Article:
Call for Proposals for HRC’s Mysticism Colloquium

Poster by Qinyue Lei, Class of 2024. Image credit: Stefan Keller from Pixabay

Humanities Research Center’s Mysticism Colloquium led by Professors Ben Van Overmeire, Bryce Beemer, and Yitzhak Lewis.

“We are organizing an HRC-funded colloquium around the theme “mysticism,” defined broadly. We invite papers that discuss both the general usage of the term mysticism (“what does it mean?”) and specific case studies of mysticism as it manifests in religious practice, literature, behavior, ritual, and otherwise.”

Please submit a proposal of no more than 150 words. Applications are due by Sept 30, to ben.van.overmeire@duke.edu.
Selected proposals will be presenting online or in-person.

The colloquium will be held on the Duke Kunshan University campus and virtually Dec. 2–3, 2022

Event overview:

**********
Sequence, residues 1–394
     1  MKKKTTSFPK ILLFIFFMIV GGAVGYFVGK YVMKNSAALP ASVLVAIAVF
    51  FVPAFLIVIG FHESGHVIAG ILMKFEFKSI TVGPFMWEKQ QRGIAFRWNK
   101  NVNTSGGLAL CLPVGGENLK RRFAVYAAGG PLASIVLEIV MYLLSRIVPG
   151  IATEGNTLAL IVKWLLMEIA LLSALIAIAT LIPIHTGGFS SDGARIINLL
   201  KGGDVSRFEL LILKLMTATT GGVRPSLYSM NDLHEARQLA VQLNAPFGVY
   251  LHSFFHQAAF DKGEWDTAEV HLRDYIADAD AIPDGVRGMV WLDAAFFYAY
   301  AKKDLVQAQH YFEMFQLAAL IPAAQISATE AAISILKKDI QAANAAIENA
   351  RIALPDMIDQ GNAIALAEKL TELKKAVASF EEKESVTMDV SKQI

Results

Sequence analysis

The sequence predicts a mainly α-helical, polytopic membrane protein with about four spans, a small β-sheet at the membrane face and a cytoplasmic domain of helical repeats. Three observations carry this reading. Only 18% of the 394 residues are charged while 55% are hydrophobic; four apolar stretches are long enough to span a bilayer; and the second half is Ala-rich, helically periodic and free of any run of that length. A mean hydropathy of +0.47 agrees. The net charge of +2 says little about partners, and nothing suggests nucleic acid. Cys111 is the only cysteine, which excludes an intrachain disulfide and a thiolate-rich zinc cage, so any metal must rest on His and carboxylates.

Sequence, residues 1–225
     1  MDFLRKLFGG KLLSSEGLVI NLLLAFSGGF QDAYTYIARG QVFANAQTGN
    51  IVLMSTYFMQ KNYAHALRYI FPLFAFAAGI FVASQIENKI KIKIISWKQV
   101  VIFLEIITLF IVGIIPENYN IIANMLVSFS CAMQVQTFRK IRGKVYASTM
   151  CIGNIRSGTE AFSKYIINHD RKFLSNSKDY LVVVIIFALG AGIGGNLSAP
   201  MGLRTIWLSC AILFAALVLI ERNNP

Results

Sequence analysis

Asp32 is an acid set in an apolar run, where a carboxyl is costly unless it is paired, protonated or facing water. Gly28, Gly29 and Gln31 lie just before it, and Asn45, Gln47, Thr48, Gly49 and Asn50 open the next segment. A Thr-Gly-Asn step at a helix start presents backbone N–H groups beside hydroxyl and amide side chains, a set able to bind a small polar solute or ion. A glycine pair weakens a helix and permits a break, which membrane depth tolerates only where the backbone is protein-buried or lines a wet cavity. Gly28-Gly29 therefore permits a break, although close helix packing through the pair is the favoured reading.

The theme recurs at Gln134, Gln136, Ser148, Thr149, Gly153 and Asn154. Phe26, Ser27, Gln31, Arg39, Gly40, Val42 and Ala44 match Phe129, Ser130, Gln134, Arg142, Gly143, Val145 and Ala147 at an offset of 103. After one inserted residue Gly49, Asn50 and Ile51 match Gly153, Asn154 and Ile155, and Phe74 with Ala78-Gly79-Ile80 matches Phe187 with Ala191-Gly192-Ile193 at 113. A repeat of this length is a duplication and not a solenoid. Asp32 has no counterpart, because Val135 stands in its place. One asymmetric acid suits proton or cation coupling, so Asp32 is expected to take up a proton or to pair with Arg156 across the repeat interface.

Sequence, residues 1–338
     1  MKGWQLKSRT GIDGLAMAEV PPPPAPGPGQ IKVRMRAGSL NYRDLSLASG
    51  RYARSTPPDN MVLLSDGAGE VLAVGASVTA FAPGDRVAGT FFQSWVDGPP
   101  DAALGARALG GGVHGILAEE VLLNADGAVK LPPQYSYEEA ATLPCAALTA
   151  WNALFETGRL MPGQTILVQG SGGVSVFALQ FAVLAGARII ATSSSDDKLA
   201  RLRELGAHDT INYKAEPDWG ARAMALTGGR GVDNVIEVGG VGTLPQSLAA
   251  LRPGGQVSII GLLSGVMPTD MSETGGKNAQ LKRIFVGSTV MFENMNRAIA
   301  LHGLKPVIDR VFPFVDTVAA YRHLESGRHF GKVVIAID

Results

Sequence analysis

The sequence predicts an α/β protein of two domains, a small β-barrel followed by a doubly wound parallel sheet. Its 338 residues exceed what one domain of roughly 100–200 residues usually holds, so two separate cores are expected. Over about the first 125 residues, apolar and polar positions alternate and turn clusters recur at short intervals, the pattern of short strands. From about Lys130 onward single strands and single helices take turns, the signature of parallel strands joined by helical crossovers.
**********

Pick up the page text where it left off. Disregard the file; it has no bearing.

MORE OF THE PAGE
In Orientalism and Religion, Richard King provides a genealogy of the term “mysticism,” arguing that this term is both “socially constructed” and “the conceptual site of a historical struggle for power and authority” (9). The label of “mysticism” has been applied to many practices and movements (religious or not) across many social and historical contexts. However, the term itself acquires its coherence not from the cumulation of disparate phenomena it has been appended to but from the very particular historical context in and through which it is articulated as a modern academic category. We aim to examine both the historical contexts in which the term mysticism has been deployed, and also examine whether the term “mysticism” is conceptually useful in pursuing scholarship on religion. For this, we invite papers that discuss both the general usage of the term mysticism (“what does it mean?”) and specific case studies of mysticism as it manifests in religious practice, literature, behavior, ritual, and otherwise. Possible topics include (but are not limited to):

  • The relation between mysticism and literature, the classification of texts as mystical vs. literary, e.g. the Daode Jing, The Cloud of Unknowing, and so on
  • Mystics as a religious subgroup
  • Mysticism and religious experience
  • Critical assessments of the nature of mysticism
  • Mysticism as a term of exclusion and affirmation

Image credit: Stefan Keller from Pixabay